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Institutional and ecological interplay for successful self-governance of community-based fisheries

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  • Basurto, Xavier
  • Coleman, Eric
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    Abstract

    The goal of this paper is to improve our understanding of the role of institutional arrangements and ecological factors that facilitate the emergence and sustainability of successful collective action in small-scale fishing social-ecological systems. Using a modified logistic growth function, we simulate how ecological factors (i.e. carrying capacity) affect small-scale fishing communities with varying degrees of institutional development (i.e. timeliness to adopt new institutions and the degree to which harvesting effort is reduced), in their ability to avoid overexploitation. Our results show that strong and timely institutions are necessary but not sufficient to maintain sustainable harvests over time. The sooner communities adopt institutions, and the stronger the institutions they adopt, the more likely they are to sustain the resource stock. Exactly how timely the institutions must be adopted, and by what amount harvesting effort must be diminished, depends on the ecological carrying capacity of the species at the particular location. Small differences in the carrying capacity between fishing sites, even under scenarios of similar institutional development, greatly affects the likelihood of effective collective action.

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    Bibliographic Info

    Article provided by Elsevier in its journal Ecological Economics.

    Volume (Year): 69 (2010)
    Issue (Month): 5 (March)
    Pages: 1094-1103

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    Handle: RePEc:eee:ecolec:v:69:y:2010:i:5:p:1094-1103

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    Web page: http://www.elsevier.com/locate/ecolecon

    Related research

    Keywords: Common-pool resources Collective action Social-ecological systems Small-scale fisheries Gulf of California Mexico;

    References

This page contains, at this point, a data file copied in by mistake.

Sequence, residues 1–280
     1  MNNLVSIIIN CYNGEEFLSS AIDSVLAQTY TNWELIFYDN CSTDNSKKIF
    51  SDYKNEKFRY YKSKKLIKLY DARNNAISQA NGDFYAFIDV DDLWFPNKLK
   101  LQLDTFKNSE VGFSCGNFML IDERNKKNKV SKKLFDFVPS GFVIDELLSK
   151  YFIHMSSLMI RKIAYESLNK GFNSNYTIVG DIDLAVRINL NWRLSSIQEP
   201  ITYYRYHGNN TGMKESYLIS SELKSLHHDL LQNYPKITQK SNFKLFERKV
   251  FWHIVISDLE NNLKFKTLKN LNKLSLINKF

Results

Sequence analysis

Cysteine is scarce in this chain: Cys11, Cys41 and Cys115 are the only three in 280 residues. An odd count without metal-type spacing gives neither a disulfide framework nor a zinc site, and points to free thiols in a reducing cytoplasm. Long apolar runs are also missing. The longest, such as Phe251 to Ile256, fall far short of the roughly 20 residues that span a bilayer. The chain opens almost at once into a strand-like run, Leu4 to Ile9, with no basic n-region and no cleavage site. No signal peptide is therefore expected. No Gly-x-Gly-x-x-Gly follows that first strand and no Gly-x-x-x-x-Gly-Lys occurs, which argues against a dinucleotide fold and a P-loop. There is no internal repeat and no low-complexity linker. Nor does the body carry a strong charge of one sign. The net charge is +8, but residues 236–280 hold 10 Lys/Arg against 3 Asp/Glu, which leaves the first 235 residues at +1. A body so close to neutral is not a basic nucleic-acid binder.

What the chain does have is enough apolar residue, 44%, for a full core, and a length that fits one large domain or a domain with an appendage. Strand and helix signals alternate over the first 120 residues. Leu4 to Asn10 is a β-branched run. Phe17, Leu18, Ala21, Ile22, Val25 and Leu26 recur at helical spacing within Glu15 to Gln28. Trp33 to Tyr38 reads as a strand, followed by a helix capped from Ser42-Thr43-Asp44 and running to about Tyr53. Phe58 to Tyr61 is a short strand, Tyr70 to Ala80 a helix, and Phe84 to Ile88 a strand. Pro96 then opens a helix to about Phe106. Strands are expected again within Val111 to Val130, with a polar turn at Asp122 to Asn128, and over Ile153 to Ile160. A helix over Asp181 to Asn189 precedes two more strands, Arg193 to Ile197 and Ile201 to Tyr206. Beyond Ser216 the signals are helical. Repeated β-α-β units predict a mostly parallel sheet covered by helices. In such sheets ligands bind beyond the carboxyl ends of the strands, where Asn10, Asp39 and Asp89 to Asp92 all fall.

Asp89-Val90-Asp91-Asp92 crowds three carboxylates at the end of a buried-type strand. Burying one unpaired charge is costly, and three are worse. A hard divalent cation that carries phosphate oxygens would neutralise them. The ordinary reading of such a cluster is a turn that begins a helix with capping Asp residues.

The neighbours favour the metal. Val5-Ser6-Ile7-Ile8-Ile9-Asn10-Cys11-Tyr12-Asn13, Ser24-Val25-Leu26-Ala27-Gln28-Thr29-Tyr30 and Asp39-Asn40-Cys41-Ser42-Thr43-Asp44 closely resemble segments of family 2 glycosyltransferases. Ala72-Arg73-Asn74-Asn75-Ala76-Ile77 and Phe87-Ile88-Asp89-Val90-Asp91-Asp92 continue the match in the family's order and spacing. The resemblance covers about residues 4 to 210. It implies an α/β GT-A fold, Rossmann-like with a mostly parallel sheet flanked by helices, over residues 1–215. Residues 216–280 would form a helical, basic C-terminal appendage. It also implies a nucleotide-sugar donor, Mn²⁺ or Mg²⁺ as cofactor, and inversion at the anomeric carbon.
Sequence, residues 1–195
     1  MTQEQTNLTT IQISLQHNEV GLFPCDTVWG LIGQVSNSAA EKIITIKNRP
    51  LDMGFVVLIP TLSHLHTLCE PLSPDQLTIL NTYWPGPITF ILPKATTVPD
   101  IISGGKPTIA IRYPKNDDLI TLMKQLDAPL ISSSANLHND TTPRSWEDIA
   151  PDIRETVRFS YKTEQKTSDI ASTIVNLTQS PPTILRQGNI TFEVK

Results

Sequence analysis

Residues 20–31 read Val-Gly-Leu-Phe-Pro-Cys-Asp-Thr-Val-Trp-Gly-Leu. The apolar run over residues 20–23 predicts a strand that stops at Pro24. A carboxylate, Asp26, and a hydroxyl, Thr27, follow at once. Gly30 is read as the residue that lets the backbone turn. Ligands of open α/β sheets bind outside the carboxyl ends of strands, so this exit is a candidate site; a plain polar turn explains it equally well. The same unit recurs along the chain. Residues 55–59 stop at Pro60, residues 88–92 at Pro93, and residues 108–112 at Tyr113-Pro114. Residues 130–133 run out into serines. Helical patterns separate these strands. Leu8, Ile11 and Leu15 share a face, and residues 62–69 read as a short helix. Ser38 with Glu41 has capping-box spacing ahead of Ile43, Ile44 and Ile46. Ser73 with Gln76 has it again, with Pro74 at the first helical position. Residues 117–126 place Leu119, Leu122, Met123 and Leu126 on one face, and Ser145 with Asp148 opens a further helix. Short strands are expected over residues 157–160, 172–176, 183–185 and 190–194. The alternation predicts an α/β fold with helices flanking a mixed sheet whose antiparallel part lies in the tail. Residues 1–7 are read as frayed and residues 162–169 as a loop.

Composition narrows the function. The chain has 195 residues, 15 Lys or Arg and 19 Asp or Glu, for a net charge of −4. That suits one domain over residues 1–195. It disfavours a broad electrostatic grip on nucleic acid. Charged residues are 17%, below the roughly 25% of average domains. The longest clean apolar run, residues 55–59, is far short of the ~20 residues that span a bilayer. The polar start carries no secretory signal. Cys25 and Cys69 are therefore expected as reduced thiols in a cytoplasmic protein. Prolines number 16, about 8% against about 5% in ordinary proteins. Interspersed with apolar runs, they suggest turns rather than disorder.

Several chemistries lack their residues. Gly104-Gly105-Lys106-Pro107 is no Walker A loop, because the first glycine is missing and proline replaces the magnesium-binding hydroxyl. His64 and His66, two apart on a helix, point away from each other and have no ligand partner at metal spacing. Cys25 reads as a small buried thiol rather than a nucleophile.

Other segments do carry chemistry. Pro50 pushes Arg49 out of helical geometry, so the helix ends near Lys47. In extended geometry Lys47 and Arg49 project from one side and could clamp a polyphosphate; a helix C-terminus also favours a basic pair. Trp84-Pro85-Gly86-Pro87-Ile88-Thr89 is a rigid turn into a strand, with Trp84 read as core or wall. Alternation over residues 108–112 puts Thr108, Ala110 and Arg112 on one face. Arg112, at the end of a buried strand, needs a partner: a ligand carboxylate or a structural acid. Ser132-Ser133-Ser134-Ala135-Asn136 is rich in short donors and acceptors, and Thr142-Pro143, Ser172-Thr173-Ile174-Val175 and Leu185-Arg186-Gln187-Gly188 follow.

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    1. Edella Schlager & William Blomquist & Shui Yan Tang, 1994. "Mobile Flows, Storage, and Self-Organized Institutions for Governing Common-Pool Resources," Land Economics, University of Wisconsin Press, vol. 70(3), pages 294-317.
    2. Ghazala Mansuri, 2004. "Community-Based and -Driven Development: A Critical Review," World Bank Research Observer, World Bank Group, vol. 19(1), pages 1-39.
    3. Edella Schlager & Elinor Ostrom, 1992. "Property-Rights Regimes and Natural Resources: A Conceptual Analysis," Land Economics, University of Wisconsin Press, vol. 68(3), pages 249-262.
    4. Xavier Basurto & Elinor Ostrom, 2009. "Beyond the tragedy of the Commons," ECONOMICS AND POLICY OF ENERGY AND THE ENVIRONMENT, FrancoAngeli Editore, vol. 0(1), pages 35-60.
    5. Cinti, A. & Shaw, W. & Cudney-Bueno, R. & Rojo, M., 2010. "The unintended consequences of formal fisheries policies: Social disparities and resource overuse in a major fishing community in the Gulf of California, Mexico," Marine Policy, Elsevier, vol. 34(2), pages 328-339, March.
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    Cited by:
    1. Coleman, Eric A., 2010. "Implications of external validity for research on polycentric and complex adaptive systems," IAMO Forum 2010: Institutions in Transition – Challenges for New Modes of Governance 52713, Leib­niz Institute of Agricultural Development in Central and Eastern Europe (IAMO).
    2. Esther Blanco, 2011. "A social-ecological approach to voluntary environmental initiatives: the case of nature-based tourism," Policy Sciences, Springer, vol. 44(1), pages 35-52, March.
    3. Nicolas Quérou & Agnès Tomini, 2012. "Managing interacting species in unassessed fisheries," Working Papers 12-32, LAMETA, Universtiy of Montpellier, revised Oct 2012.

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